K-Pop's Soft Power
Manticore-Griffin, Neil, In These Times
This spring, the Hollywood Bowl hosted a big-budget festival "for all generations" featuring a familyfriendly parade of torch singers, hippop crews, and boy and girl bands. But instead of a shot in the arm for America's pick-pocketed music industry, it's a showcase for the boom of cultural exports from what CNN dubs "the Hollywood of the East": South Korea.
K- Pop- named after (Japanese) J-Pop before it- has attained fashion first status in Thailand, Vietnam, Hong Kong and Singapore. More surprisingly, acts are making inroads into the self-sufficient charts of Japan - and more unpredictably, starting to occupy the imagination of a neo-capitalist China.
K- Pop's rise began in the '90s. South Korea had emerged as one of the Tiger Economies via a determined, decadeslong drive to build up a competitive hi-tech manufacturing industry (starring Samsung, Hyundai and LG). This triumph of capitalism could only be achieved via a failure of democracy - a series of military republics kept free speech and wages down, as true to their own ideology as their more notorious neighbor. Democracy finally arrived in 1987, and the new rulers attempted to reform, while continuing to rely upon, the country's chaebol (dynastic family businesses the size of multinational corporations). Likewise, as nearby China outpaced the Tiger Economies, South Korea's previously isolationist foreign policy shifted to segyehwa - a political term usually translated as "globalization" (but more usefully ambiguous).
Trade became key for Korea to build its regional position, which is why the country's Presidential Advisory Board on Science and Technology recommended support for "creative content industries." Reportedly, it was the international success of the film Jurassic Park- equaling "the foreign sales of 1.5 million Hyundai cars" - that sealed the deal.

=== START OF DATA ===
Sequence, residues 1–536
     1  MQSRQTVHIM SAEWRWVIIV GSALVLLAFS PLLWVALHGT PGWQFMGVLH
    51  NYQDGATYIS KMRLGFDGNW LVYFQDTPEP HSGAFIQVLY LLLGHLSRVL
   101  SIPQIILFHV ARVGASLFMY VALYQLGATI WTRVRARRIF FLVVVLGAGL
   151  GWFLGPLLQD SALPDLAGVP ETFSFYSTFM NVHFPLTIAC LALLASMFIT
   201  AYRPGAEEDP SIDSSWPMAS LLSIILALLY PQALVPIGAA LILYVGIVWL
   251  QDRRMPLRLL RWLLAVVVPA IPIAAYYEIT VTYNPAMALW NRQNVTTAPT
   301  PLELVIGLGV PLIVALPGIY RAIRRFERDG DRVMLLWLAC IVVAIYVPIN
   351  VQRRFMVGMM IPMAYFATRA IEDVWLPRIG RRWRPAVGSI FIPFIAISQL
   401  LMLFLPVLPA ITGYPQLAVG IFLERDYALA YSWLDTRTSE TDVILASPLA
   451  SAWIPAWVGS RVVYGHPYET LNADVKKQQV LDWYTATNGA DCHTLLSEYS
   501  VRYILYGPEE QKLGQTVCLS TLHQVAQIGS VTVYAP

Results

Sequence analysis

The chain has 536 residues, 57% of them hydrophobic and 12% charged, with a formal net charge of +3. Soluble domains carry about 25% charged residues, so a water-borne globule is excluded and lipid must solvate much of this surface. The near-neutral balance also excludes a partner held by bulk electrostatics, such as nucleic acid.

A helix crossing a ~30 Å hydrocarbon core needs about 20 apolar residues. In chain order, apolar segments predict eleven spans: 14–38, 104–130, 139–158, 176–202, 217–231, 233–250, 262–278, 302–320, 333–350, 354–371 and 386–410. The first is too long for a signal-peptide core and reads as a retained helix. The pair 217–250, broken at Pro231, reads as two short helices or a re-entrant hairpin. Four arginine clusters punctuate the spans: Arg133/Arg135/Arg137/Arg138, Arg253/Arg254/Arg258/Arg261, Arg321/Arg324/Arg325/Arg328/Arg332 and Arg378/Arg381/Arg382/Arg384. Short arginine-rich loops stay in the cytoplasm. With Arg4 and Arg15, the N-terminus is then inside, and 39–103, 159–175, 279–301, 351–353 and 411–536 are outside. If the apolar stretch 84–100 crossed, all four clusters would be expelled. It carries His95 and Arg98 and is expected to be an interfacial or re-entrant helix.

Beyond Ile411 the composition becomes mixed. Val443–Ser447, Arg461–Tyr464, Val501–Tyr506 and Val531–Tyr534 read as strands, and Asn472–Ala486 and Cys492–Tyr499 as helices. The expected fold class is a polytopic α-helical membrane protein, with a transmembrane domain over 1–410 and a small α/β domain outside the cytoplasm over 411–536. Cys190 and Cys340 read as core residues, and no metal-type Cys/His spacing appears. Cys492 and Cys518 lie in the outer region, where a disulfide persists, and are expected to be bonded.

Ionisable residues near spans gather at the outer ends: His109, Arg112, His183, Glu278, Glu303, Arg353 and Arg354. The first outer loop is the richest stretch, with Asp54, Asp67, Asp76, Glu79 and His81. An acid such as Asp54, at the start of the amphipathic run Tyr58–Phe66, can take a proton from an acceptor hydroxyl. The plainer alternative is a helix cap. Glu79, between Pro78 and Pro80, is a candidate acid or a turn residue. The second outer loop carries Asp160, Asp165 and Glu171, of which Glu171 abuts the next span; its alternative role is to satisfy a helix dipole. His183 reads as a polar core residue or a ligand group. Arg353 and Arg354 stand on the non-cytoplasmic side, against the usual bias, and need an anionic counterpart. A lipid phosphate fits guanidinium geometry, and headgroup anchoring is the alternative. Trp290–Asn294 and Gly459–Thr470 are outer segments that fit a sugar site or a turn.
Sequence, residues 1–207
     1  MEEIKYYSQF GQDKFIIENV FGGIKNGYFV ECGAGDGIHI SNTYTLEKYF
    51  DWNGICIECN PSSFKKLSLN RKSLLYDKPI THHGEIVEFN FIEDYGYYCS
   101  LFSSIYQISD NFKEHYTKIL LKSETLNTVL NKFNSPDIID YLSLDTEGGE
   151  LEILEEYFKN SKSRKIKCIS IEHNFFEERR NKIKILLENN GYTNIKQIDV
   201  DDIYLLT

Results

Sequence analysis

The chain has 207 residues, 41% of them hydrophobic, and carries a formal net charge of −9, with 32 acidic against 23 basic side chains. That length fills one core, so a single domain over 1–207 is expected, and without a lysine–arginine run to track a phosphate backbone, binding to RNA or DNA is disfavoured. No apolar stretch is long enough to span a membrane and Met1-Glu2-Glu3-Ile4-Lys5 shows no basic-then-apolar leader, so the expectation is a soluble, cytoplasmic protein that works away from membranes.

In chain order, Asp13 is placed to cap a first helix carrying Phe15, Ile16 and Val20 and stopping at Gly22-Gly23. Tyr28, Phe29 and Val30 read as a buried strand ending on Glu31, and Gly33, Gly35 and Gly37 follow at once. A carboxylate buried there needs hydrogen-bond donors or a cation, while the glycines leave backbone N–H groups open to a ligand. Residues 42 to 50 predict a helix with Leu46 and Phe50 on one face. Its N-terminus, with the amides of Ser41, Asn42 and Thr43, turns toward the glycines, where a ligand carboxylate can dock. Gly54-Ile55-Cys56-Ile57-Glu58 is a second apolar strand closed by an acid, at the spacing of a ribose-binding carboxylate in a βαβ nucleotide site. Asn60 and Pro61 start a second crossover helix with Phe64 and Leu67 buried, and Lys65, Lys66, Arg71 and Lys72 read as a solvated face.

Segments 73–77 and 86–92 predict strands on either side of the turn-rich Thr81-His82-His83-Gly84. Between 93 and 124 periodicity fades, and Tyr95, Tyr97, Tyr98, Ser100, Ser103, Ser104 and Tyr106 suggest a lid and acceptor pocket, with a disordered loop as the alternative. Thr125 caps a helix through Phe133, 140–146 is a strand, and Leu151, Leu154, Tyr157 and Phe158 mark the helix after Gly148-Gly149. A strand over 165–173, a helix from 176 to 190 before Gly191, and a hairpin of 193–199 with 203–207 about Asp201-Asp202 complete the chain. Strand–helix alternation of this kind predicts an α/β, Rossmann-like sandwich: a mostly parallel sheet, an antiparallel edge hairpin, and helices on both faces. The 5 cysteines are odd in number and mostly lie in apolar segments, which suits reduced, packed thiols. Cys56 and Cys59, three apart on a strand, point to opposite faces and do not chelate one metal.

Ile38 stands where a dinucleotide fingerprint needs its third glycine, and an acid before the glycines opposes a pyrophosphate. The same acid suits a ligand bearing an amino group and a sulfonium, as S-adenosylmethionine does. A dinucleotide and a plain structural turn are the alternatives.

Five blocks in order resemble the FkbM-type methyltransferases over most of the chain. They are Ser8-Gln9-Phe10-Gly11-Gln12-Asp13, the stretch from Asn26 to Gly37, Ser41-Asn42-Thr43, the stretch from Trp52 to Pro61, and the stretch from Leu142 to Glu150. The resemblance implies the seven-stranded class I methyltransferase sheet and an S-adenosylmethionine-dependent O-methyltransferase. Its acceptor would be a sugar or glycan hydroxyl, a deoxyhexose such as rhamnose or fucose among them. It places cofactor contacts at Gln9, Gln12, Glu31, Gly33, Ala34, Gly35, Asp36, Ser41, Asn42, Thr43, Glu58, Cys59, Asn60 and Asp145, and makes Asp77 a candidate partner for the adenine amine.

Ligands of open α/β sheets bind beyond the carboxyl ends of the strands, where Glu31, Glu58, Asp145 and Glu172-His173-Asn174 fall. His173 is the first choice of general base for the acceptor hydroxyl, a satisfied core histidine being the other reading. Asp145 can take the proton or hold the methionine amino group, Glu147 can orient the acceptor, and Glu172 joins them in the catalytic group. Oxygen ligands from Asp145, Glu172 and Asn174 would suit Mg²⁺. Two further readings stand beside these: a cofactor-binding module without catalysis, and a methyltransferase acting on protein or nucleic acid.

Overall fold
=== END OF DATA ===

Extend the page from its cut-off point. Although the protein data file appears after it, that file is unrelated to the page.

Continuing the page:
It was, however, a string of soapy miniseries - often historical, always sentimental epics inhabited by glamorous stars - that would prove the monster hits. Lavishly produced by public broadcasters and sold insultingly cheaply, romantic shows like "Winter Sonata" and "Autumn In My Heart" would root in TV schedules across East Asia, proving hugely popular in China especially. With (Korean) product placement all but running the props department, emotion-ravished authences came to relate to these neighborly characters, their fashion - and the musical soundtrack.
K-Pop was born in the '90s for domestic use - an artificial transplant to South Korea, a place where record companies are called "talent agencies" precisely because they train (and maintain) pop star "idols" in a country with no tradition of such - and it fully evolved with the arrival of the "Queen of KPop," BoA. Trained for two years behind closed doors, her career launched in 2000 at the age of 13. At 15, with moderate success back home and a sound that gentrified her genre's urban influence, she conquered Korea-phobic Japan, the world's second-largest music market. (Her coaching included both Japanese and Mandarin.) In 2008, having learned English, she became one of the first idols to attempt an American release. The songs were unsurprisingly modeled on what Rolling Stone called "possibly the most influential pop album of the last five years" - Britney Spears' Blackout. The fact that you haven't heard of BoA tells you how it went, but her influence in South Korea was considerable. …